Parsons v. Ryan et al

Filing 13

REPORT AND RECOMMENDATION re 1 Petition for Writ of Habeas Corpus, 11 MOTION to Stay re Writ of Habeas Corpus : Recommending that District Court Dismiss with Prejudice Writ of Habeas Corpus; Deny as moot Petitioner's Motion for request to stay. Parties have 10 days from date of service of this order in which to file written objections. ***SEE PDF FILE FOR COMPLETE INFORMATION***. Signed by Magistrate Judge Jacqueline J Marshall on 2/19/10. (MLH)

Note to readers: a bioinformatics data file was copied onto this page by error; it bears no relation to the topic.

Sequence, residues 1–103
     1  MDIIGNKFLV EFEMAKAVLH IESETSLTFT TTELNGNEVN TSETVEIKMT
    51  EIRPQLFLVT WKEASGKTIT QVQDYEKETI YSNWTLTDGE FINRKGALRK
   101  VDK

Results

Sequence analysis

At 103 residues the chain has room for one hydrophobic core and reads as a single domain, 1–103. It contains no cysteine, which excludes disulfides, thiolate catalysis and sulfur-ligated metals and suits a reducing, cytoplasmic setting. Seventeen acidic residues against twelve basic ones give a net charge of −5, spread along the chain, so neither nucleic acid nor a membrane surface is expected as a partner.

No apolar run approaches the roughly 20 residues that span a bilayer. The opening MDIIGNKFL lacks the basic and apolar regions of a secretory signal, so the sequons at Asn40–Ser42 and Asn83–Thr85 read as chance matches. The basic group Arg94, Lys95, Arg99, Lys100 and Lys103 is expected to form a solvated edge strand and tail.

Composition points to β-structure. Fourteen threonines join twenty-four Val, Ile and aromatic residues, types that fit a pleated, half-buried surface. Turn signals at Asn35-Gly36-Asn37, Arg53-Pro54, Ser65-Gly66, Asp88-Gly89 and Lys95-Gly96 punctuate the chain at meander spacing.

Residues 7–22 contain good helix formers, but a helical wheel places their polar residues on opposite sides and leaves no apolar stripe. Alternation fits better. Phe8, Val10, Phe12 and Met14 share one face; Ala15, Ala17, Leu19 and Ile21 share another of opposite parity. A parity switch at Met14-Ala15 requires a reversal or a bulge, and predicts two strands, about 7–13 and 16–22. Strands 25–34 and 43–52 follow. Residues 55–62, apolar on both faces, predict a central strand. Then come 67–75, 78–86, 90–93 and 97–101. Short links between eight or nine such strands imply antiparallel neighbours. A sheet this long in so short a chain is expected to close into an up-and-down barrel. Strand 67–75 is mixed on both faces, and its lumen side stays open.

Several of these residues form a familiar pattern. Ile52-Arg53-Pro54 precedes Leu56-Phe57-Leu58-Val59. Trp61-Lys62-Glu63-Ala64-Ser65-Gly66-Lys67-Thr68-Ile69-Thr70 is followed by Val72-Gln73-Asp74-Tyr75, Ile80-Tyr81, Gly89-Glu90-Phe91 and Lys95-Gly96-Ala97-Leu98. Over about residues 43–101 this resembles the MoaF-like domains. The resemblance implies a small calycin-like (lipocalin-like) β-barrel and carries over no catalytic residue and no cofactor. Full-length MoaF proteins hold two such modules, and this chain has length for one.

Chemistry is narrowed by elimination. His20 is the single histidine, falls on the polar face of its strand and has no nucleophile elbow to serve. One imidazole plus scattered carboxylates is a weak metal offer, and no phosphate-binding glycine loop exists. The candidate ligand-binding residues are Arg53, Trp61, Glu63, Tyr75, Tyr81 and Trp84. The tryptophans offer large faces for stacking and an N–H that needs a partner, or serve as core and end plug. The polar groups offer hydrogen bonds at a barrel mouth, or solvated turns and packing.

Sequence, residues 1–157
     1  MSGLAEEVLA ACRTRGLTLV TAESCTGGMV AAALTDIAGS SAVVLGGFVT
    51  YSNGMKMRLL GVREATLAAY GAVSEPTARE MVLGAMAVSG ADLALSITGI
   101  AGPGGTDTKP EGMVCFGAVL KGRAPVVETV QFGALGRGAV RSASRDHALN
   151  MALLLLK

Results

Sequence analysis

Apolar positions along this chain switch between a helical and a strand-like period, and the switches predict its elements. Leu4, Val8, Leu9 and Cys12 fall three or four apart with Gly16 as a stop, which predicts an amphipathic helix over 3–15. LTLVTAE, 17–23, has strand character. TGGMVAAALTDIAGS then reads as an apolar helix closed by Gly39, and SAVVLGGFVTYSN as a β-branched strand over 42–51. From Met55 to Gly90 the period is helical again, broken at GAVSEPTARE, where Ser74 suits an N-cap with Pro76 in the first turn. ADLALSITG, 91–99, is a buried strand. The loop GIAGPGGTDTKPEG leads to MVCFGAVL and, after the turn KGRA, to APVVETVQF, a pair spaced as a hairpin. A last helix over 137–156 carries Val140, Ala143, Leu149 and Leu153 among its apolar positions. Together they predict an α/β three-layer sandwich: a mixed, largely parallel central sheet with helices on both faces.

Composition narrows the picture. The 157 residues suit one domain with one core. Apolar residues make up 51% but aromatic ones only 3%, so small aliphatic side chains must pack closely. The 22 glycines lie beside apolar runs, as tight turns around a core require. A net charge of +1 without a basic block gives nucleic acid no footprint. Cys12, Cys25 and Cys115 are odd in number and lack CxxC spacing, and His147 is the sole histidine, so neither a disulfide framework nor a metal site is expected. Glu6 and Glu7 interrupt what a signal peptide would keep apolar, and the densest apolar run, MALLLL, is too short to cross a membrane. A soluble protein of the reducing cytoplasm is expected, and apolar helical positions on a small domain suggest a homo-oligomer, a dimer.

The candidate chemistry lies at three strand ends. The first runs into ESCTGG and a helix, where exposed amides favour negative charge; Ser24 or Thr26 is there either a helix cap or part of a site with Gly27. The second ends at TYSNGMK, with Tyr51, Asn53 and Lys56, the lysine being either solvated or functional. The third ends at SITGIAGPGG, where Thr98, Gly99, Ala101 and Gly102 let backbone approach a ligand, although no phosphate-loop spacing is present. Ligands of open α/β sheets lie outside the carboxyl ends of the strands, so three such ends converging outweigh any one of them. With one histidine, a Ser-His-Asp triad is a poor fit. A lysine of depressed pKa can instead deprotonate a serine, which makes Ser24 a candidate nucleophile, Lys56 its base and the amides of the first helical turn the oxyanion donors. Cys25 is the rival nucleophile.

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1 2 3 4 5 6 7 8 9 10 11 12 13 14 15 16 17 18 19 20 21 22 23 24 25 26 27 28 Unless otherwise noted, all referenced exhibits are those attached to Respondent's Answer to Petition for Write of Habeas Corpus. 1 UNITED STATES DISTRICT COURT DISTRICT OF ARIZONA ) ) ) Petitioner, ) ) v. ) ) Charles L. Ryan, et al., ) ) ) Respondents. ______________________________________ ) Victor A. Parsons, CV 09-0446 TUC-CKJ (JM) REPORT AND RECOMMENDATION Pending before the Court is Petitioner Victor A. Parson's Petition for Writ of Habeas Corpus [Docket No. 1]. In accordance with the Rules of Practice of the United States District Court for the District of Arizona and 28 U.S.C. 636(b)(1), this matter was referred to the Magistrate Judge for report and recommendation. Respondents filed their answer on December 10, 2009 [Docket No. 8]. Petitioner filed his reply on January 28, 2010 [Docket No. 12]. Additionally, Petitioner has filed a Motion to Stay [Docket No. 11], which is also addressed herein. As explained below, the Magistrate Judge recommends that the District Court, after an independent review of the record, deny the motion to stay and dismiss the Petition with prejudice. I. FACTUAL AND PROCEDURAL BACKGROUND On June 14, 2001, a jury in Pima County found Parsons guilty of aggravated assault, deadly weapon/dangerous instrument, and aggravated assault, serious physical injury. (Ex. A.)1 The Arizona Court of Appeals described the facts underlying the convictions as follows: 1 2 3 4 5 6 7 8 9 10 11 12 13 14 15 16 17 18 19 20 21 22 23 24 25 26 27 28 Parsons's convictions arose from a domestic dispute with his girlfriend in July 2000, in which a neighbor attempted to intervene. When the neighbor, D., saw Parsons arguing with his girlfriend and pressing his knee into her shoulder, D. sprayed pepper spray on Parsons. Parsons then stabbed D. five times with a "nine inch hunting knife," causing injuries that included a collapsed lung. (Ex. C, pp. 2.) At sentencing, the trial court determined the offenses were of a dangerous nature pursuant to former A.R.S. 13-604. (Id., p. 3, 4.) The court also found the following aggravating factors for both offenses: "the defendant's prior criminal record, that this was a violent attack and a weapon was used which caused serious injuries to the victim." (Id.) The court found no mitigation and imposed concurrent, aggravated terms of imprisonment totaling 10 years. (Id.) On September 20, 2001, Petitioner filed a timely notice of appeal from the judgment and sentence. The Arizona Court of Appeals dismissed the notice of appeal based on a clerical error but reinstated the appeal on August 15, 2005, following Petitioner's motion for reconsideration.2 On December 8, 2005, Petitioner filed an opening brief on direct appal raising two arguments: 1. The trial court improperly aggravated Mr. Parsons' sentence because a weapon was used and because serious injuries resulted, both of which are elements of the offenses of conviction and therefore excluded as aggravating factors by A.R.S. 13-702(C)(1) & (2). Mr. Parsons' sentence was imposed in violation of his Sixth Amendment Right to a trail by jury and proof of aggravating factors beyond a reasonable doubt. 2. (Ex. B, p. ii.) By Memorandum Decision filed August 18, 2006, the Arizona Court of Appeals affirmed Petitioner's convictions. (Ex. C.) Addressing Petitioner's first argument, the court These facts are taken from Respondents' Answer. The notice of appeal and documents reflecting the reinstatement of the appeal are not included in Respondents' exhibits. However, Petitioner has stipulated to the accuracy Respondents' rendition of the factual and procedural history of this case. See Reply, p. 2. 2 2 1 2 3 4 5 6 7 8 9 10 11 12 13 14 15 16 17 18 19 20 21 22 23 24 25 26 27 28 stated that Petitioner: correctly points out that A.R.S. 13-702(C)(1) requires a court to consider as an aggravating circumstance the "[i]nfliction or threatened infliction of serious physical injury, except if this circumstance is an essential element of the offense of conviction or has been utilized to enhance the range of punishment under 13-604." See 1999 Ariz. Sess. Laws, ch. 261, 8 (emphasis added). Likewise, he correctly notes the parallel provision of 13-702(C)(2) requiring a court to consider as an aggravating circumstance the use or possession of a deadly weapon or dangerous instrument as an aggravating circumstance, again, except in those cases in which it is an element of the offense or it has been used to enhance the sentencing range. Based on 13-702(C), we agree with Parsons that the trial court erred by considering the use of a deadly weapon as an aggravating circumstance on count one and the infliction of serious injury as an aggravating circumstance on count two. (Ex. C, p. 3.) Despite finding error, the court concluded that Parsons had not established that the error was prejudicial or fundamental. (Ex. C. P. 5.) Accordingly, the claim was denied. Turning to Petitioner's second argument, the court found that the trial court's consideration of the infliction of serious physical injury as an aggravating factor in relation to count one was proper because, "[t]hat factor was found beyond a reasonable doubt by the jury when it found Parsons guilty on count two." (Id., p. 7.) However, in relation to count two, the court determined that: the jury's count one finding that Parsons had used a deadly weapon did not supply a viable Blakely-compliant aggravator [on count two]. Although not an element of the offense on count two, Parsons's use of a deadly weapon had already been used to enhance the range of punishment based on the jury's finding that the offense was dangerous. See 13-604(I); 1999 Ariz. Sess. Laws, ch. 261, 5. The court's consideration of that factor thus violated 13-702(C)(2). (Id., p. 7.) Despite this violation, the Court of Appeals found no denial of Petitioner's Sixth Amendment right to a jury determination of aggravating factors because a reasonable jury would have found Parsons's actions constituted a "violent attack," and because the existence of only one aggravating circumstance was sufficient to expose him to a sentence up to and including the statutory aggravated maximum, . . ., Parsons has failed to show he was prejudiced by the fact that a jury had not found the aggravating factors the court considered. 3 1 2 3 4 5 6 7 8 9 10 11 12 13 14 15 16 17 18 19 20 21 22 23 24 25 26 27 28 (Ex. C., pp. 8-9.) The court thus found no basis to reverse and Petitioner's sentence on count two was also affirmed. Petitioner then filed a petition for review by the Arizona Supreme Court wherein he raised the following three issues for review: 1. Can elements of one way of committing an offense be used to aggravate the sentence for another form of the offense? Does this violate the requirement for concurrent sentences when offenses are committed at the same time, but increasing the length of the sentence for one offense by the factors of a second offense committed at the same time? For purposes of Blakely v. Washington, 542 U.S. 296, 124 S.Ct. 2531, 159 L.Ed.2d 403 (2004), is criminal history or criminal record different from prior convictions and must it therefore be determined by a jury before it can be used as an aggravating factor? In fundamental error review under State v. Henderson, 210 Ariz. 561, 115 P.3d 601 (2005), can a court determine that a reasonable jury would find an aggravating factor, violence, that is at most a heightened degree of the inherent nature of the offense, in this case assault with a deadly weapon or assault causing physical injury? If so, can a court find that a jury would have found the offense was violent when violence was not argued by the prosecution to be an aggravating factor, nor included in the statutory list of aggravating factors? 2. 3. (Ex. D, p. 3.) The Arizona Supreme Court denied review without comment on March 13, 2007. (Ex. E.) On May 1, 2007, Petitioner field a notice of post-conviction relief pursuant to Rule 32 of the Arizona Rules of Criminal Procedure. (Ex. F.) On November 7, 2007, appointed counsel filed a notice of review stating counsel had found no claims for relief to raise in Rule 32 post-conviction proceedings and requesting additional time for Petitioner to file a pro se petition. (Reply, Ex. G.) On November 15, 2007, the extension of time was granted and Petitioner was ordered to file his PCR petition by December 28, 2007. (Id.) No further action was taken in the case and, by motion dated June 3, 2008, the state sought dismissal of the PCR petition based on Petitioner's failure to prosecute the action. (Reply, Ex. H.) On June 25, 2008, the order granting the motion was signed, but the certificate of service indicates that it was not sent to Petitioner's counsel until August 20, 2008. (Id.) 4 1 2 3 4 5 6 7 8 9 10 11 12 13 14 15 16 17 18 19 20 21 22 23 24 25 26 27 28 5 On August 17, 2009, Petitioner filed the instant habeas petition, which alleges the following bases for relief: Ground One: Use as an aggravation factor of an element of one form of assault to aggravate the sentence for another form of aggravated assault is improper. Ground Two: "Criminal History" is different from "prior convictions" and must be determined by a jury before it can be used to aggravate a sentence. Even if a prior conviction can be found by a judge the remaining factor, the violence of the attack, must be determined by a jury. Ground Three: For the purposes of "Henderson" fundamental error review, a court cannot determine beyond a reasonable doubt that a jury would find a subjective, non-enumerated aggravating factor such as the violence of an inherently violent aggravated assault with serious physical injury. Petition, pp. 5-8. II. LEGAL DISCUSSION A. The petition is untimely. Respondents contend that Petitioner's Petition is untimely. The Antiterrorism and Effective Death Penalty Act ("AEDPA") provides a one-year statute of limitation on state prisoners seeking federal habeas relief from their state convictions. See Lott v. Mueller, 304 F.3d 918, 920 (9th Cir. 2002). The statutory tolling provisions of AEDPA provide that a petitioner is entitled to tolling of the statute of limitations during the pendency of a "properly filed application for state post-conviction or other collateral review with respect to the pertinent judgment or claim." 28 U.S.C. 2244(d)(2). See also Harris v. Carter, 515 F.3d 1051, 1053 (9th Cir. 2008). Here, the dispute centers on whether Petitioner's PCR Petition, which was dismissed based on Petitioner's failure to prosecute, was "properly filed" such that Petitioner is entitled to tolling for the period of its pendency. There is no dispute regarding the significant dates relevant to the determination. Petitioner filed a timely notice of post-conviction relief on May 1, 2007. (Ex. F.) On November 7, 2007, Petitioner's counsel filed a Notice of Review 1 2 3 4 5 6 7 8 9 10 11 12 13 14 15 16 17 18 19 20 21 22 23 24 25 26 27 28 indicating that she was unable to find any claims for relief to raise in Rule 32 post-conviction proceedings and requesting an extension of time for Petitioner to file a petition pro se if he wished to do so. (Reply, Ex. H.) The extension was granted allowing Petitioner to file his petition by December 28, 2007. (Id.) Subsequently, nothing was filed and by order dated June 25, 2008, and served on August 20, 2008, the petition was dismissed. Petitioner filed the instant Petition on August 17, 2008. Under these facts, for the instant Petition to be considered timely filed, his PCR petition must be found to have been properly filed and pending through August 20, 2008, the date the order dismissing the case was served on Petitioner. Respondents contend that the PCR was not properly filed because it did not comply with state procedural requirements. Specifically, Respondents point to Rule 32.4(c) of the Arizona Rules of Criminal Procedure, which provides that a defendant "shall have sixty days to file a petition from the date the notice is filed." Under Arizona law, the failure to comply with that Rule 32 procedures will result in a finding that the petitioner waived his right to present a Rule 32 petition. State v. Carriger, 143 Ariz. 142, 146, 692 P.2d 991, 996 (1984) (citations omitted). Under these provisions, Petitioner waived his right to file a PCR petition when he missed the filing deadline of December 28, 2007. A state petition that is not filed within the state's required time limit is not considered "timely filed" and is therefore not entitled to statutory tolling. Pace v. Guglielmo, 544 U.S. 408, 413 (2005). "When a post-conviction petition is untimely under state law, `that [is] the end of the matter' for purposes of 2244(d)(2)." Id. If it were not so, the filing of a notice of PCR without ever filing the actual petition "would turn 2244(d)(2) into a de facto extension mechanism, quite contrary to the purpose of AEDPA, and open the door to abusive delay." Id. at 413. There is also a separate reason for finding that the notice of PCR did not toll the AEDPA statute of limitation. In Hemmerle v. Schriro, 495 F.3d 1069 (9th Cir. 2007), the Ninth Circuit reiterated that in Arizona, post-conviction "proceedings begin with the filing of the Notice." Thus, where notice is filed in conformity with 6 1 2 3 4 5 6 7 8 9 10 11 12 13 14 15 16 17 18 19 20 21 22 23 24 25 26 27 28 the pertinent Arizona statutory provisions and contains a specific prayer for relief in the form of a request for a new trial, "it is sufficient to toll the AEDPA statute of limitations." Id. at 1074. (internal citations omitted) (quoting Isley v. Arizona Department of Corrections, 383 F.3d 1054, 1056 (9th Cir. 2004). At least in this case, Hemmerle requires a finding that the PCR should be treated as if it were never filed. In Hemmerle, the Ninth Circuit required that for the tolling of the AEDPA statute of limitations, not only did the notice of PCR have to be filed, but that it contain "a specific prayer for relief in the form of a request for a new trial . . . ." 495 F.3d at 1074. A review of the notice filed in this case discloses that no such prayer or request for a new trial was included. The notice identifies the Petitioner and his address, the crimes for which he was convicted, some procedural history and the identity of his counsel. (Ex. F.) Without the prayer and request, or the timely filing of the petition, statutory tolling is unavailable. As Respondents note, this is a logical conclusion because to find otherwise would provide habeas petitioners with a method of tolling the AEDPA statute of limitations without actually alleging any defect in the proceedings leading to conviction. As the PCR petition was never properly filed, the AEDPA statute of limitations commenced to run on April 13, 2007, which was the date 30 days after the Arizona Supreme Court issued the mandate finalizing Petitioner's conviction on direct appeal. As Petitioner did not file his habeas petition until August 17, 2009, it is untimely and must be dismissed unless Petitioner can establish that he is entitled to equitable tolling. B. The petition is not subject to equitable tolling. The one-year statute of limitation may be subject to equitable tolling Petitioner can establish: "(1) that eh has been pursuing his rights diligently, and (2) that some extraordinary circumstance stood in his way." Pace v. DiGuglielmo, 544 U.S. 408, 418 (2005). A petitioner bears the burden of alleging facts that would give rise to equitable tolling. Id. Here, in his Reply, Petitioner's arguments relate to the time and difficulty encountered by he and his counsel in reviewing the record and researching his claims. These are challenges encountered by virtually every habeas petitioner and patently do not amount to extraordinary 7 1 2 3 4 5 6 7 8 9 10 11 12 13 14 15 16 17 18 19 20 21 22 23 24 25 26 27 28 circumstances that would support equitable tolling of the limitations period. C. Petitioner's request for a stay is moot. Petitioner requests that this matter be stayed so that he can exhaust a "recently discovered" claim that he was convicted by and eight person jury in violation of Arizona law. The purpose of granting a stay of habeas proceedings is to permit a petitioner to exhaust in state court previously unexhausted claims in order that they may ultimately be amended to the already pending federal petition. See Kelly v. Small, 315 F.3d 1063 (9th Cir. 2003), abrogated on other grounds by Robbins v. Carey, 481 F.3d 1143 (9th Cir. 2007). As discussed above, however, the instant petition is untimely and must be dismissed. As such, there are no claims to be stayed or to which the proposed claim, once exhausted, can relate back for purposes of the AEDPA statute of limitations. Therefore, Petitioner's motion to stay this action is moot. III. RECOMMENDATION For all of the above reasons, THE MAGISTRATE JUDGE RECOMMENDS that the District Court, after its independent review, DISMISS WITH PREJUDICE Petitioner's Petition for Writ of Habeas Corpus filed August 17, 2009 [Docket No. 1], and DENY AS MOOT Petitioner's Motion for Request Stay [Docket No. 11]. This Recommendation is not an order that is immediately appealable to the Ninth Circuit Court of Appeals. Any notice of appeal pursuant to Rule 4(a)(1), Federal Rules of Appellate Procedure, should not be filed until entry of the District Court's judgment. However, the parties shall have ten (10) days from the date of service of a copy of this recommendation within which to file specific written objections with the District Court. See 28 U.S.C. 636(b)(1) and Rules 72(b) and 6(a) of the Federal Rules of Civil Procedure. Thereafter, the parties have ten (10) days within which to file a response to the objections. If any objections are filed, this action should be designated case number: CV 09-446-TUCCKJ. Failure to timely file objections to any factual or legal determination of the Magistrate Judge may be considered a waiver of a party's right to de novo consideration of the issues. 8 1 2 3 4 5 6 7 8 9 10 11 12 13 14 15 16 17 18 19 20 21 22 23 24 25 26 27 28 See United States v. Reyna-Tapia, 328 F.3d 1114, 1121 (9th Cir. 2003) (en banc). DATED this 19th day of February, 2010. 9